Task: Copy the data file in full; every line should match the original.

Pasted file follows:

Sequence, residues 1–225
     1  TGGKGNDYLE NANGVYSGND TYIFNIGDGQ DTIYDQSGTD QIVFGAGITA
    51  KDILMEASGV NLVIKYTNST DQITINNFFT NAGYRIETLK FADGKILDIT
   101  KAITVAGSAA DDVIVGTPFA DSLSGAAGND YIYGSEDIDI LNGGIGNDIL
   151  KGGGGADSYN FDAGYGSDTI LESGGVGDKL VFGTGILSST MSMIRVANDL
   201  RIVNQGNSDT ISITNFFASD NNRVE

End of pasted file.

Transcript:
Sequence, residues 1–225
     1  TGGKGNDYLE NANGVYSGND TYIFNIGDGQ DTIYDQSGTD QIVFGAGITA
    51  KDILMEASGV NLVIKYTNST DQITINNFFT NAGYRIETLK FADGKILDIT
   101  KAITVAGSAA DDVIVGTPFA DSLSGAAGND YIYGSEDIDI LNGGIGNDIL
   151  KGGGGADSYN FDAGYGSDTI LESGGVGDKL VFGTGILSST MSMIRVANDL
   201  RIVNQGNSDT ISITNFFASD NNRVE